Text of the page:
Skip to content
Link copied to clipboard

I was a troubled teen in Pennsylvania whose future was redeemed. More youth need that chance. | Opinion

In Pennsylvania, most people in youth residential facilities are identified as moderate or low risk for reoffending, with no felony or person offense on their record.

Jon Kelly is the lead pastor of Chicago West Bible Church.
Jon Kelly is the lead pastor of Chicago West Bible Church.Read moreCourtesy Jon Kelly

I grew up in what would be considered a rough part of Philadelphia in a neighborhood filled with challenges. There, I found street culture and used drugs as an escape. I was handcuffed for the first time at age 13.

I cycled through several youth detention centers. Those places often made kids more bitter and hardened at heart, including me. Looking back, I can’t recall many opportunities for redemption — only punishment. I never heard anyone talk about my potential to change.

The Pennsylvania Juvenile Justice Task Force recently issued several recommendations to lawmakers. The goal: better ensure that youth who break the law are held accountable in ways that are meaningful but don’t cut them off from community support. This means limiting out-of-home placements like group homes or residential facilities and expanding access to diversion opportunities. As someone who was on the street at a young age and later convicted of a grave violent crime, I can’t overstate how families and communities can influence, and even reroute, someone’s life for the better.

As a teenager I never had positive role models, a safe living environment, or anyone available to walk with me through all of the emotions and challenges that I was processing. I turned to the streets looking for the love and community that I wasn’t experiencing. I looked to drugs to numb the anger and pain that I felt, and I committed crimes seeking to fit in and be accepted. I was a teen searching for ways to fill voids in my life. When families, community organizations, schools, social services, and local leaders collaborate for the good of our youth, they help to fill the internal and external voids with the health and support that many of our youth are seeking to find.

» READ MORE: Five days without a shower, not enough toilet paper, medical emergencies: What I experienced in a Philly jail | Opinion

Sometimes, placing youth in group homes is necessary to keep communities safe and provide intensive services. But the further along you go, outcomes for young people tend to stay the same or worsen. Pennsylvania’s rate of juvenile justice residential placement is higher than the national average — with many residents having limited criminal histories and cycling through too many facilities. In Pennsylvania, most people in youth residential facilities are identified as being at moderate or low risk for reoffending, with no felony or personal offense on their records. Our young people should be held accountable in settings that are aligned to their behavior and risk of future misconduct — places that offer opportunities to safely grow and change.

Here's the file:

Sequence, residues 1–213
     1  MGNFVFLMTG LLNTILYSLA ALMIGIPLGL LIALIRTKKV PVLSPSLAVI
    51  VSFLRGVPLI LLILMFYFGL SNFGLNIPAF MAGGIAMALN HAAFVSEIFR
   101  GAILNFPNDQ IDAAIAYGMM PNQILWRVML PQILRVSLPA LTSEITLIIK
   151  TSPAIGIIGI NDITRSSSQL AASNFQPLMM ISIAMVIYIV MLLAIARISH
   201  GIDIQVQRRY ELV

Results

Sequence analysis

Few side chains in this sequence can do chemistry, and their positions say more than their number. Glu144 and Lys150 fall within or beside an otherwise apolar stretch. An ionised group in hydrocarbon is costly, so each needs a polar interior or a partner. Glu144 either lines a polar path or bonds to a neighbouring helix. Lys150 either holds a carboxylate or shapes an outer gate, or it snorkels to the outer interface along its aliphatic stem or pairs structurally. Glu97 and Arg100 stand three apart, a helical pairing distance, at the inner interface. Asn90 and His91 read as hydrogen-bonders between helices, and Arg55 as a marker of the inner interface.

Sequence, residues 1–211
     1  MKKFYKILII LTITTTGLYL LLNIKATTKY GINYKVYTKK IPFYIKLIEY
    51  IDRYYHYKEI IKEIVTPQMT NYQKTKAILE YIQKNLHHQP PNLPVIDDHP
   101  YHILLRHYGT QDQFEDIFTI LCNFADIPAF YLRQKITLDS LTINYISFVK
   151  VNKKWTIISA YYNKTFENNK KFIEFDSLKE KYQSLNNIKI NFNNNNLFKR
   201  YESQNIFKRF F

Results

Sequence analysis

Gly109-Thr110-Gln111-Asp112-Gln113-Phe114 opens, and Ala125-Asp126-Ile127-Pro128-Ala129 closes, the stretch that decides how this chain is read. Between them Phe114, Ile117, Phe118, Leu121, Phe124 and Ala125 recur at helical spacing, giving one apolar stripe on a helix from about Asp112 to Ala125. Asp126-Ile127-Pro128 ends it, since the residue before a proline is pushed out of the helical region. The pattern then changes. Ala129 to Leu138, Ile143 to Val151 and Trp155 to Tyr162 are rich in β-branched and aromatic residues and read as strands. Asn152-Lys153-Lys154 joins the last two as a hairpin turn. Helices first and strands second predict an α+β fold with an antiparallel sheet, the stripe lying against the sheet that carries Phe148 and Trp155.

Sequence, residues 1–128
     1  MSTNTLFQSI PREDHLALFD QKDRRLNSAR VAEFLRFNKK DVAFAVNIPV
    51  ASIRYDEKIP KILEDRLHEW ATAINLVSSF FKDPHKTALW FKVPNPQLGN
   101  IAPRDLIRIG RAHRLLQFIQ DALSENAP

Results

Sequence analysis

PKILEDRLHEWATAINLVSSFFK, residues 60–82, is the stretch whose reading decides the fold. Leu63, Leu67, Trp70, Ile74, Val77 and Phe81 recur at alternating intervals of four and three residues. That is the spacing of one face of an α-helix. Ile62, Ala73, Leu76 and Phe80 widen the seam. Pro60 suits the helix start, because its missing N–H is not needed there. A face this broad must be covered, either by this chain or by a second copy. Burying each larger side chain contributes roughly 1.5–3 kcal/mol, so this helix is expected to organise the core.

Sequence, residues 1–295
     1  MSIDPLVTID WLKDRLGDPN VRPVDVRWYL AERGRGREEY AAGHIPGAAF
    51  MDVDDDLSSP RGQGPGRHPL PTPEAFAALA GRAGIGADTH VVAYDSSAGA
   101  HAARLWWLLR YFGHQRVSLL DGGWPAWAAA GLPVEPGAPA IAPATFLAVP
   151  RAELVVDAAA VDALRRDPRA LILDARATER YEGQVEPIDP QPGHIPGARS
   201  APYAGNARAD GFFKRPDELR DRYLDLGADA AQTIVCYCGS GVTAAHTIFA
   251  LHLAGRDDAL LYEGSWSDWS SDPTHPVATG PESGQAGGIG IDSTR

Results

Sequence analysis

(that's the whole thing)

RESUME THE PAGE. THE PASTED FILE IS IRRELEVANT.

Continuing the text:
In Pennsylvania, 64% of young people with a low risk of reoffending do not receive diversion opportunities like apprenticeships, mentoring, and community service. At least two-thirds of youth are referred to the juvenile justice system for misdemeanors or failure to pay court fines and fees. Often, probation or a group home can be ineffective and counterproductive.

As a teen, I cared little about my future and had no concept of my ability to change — until years later when I was an adult returning home from prison and someone else believed in me. Years later, it was the employers who saw past my record and provided me job opportunities based upon my character and qualifications. It was my local church that embraced me, saw my humanity, and welcomed me into their community. It was the countless men and women whom I met along the way that provided wisdom, encouragement, and cheered me on as they regularly welcomed me to their dinner tables.

As helpful as these experiences were, I didn’t have them until I had gotten too far down the road as a formerly incarcerated adult. What if these were my experiences as a teen? Expanded use of diversion, mentorship, and community service can help young people experience active accountability and start a new life by drawing on the assets of their communities.

That includes communities of faith. As a teen with limited resources and no positive role models, I gravitated toward a life of crime, without hope. Now, as a pastor, I see the impact of the love and support of the family of God. Churches have unmatched capacity to provide intentional guidance for youth who are on the wrong path. Church members provide safe spaces in homes around their families; positive, consistent role models; healthy routines like after-school activities; and affirming relationships with mentors. Churches can also be a wealth of resources for jobs, housing, and life skills. Our physical presence in the lives of our youth brings far more long-term impact to a teen than governmental programs alone.

Our young people must be held accountable for the harms they cause in ways that recognize their great capacity to grow and change. Diversion opportunities like those recommended by the task force, supported by community members and churches, are a strong step forward. Our young people are more than their choices. With guidance and support, we can help them reach their God-given potential.

Jon Kelly is the lead pastor of Chicago West Bible Church.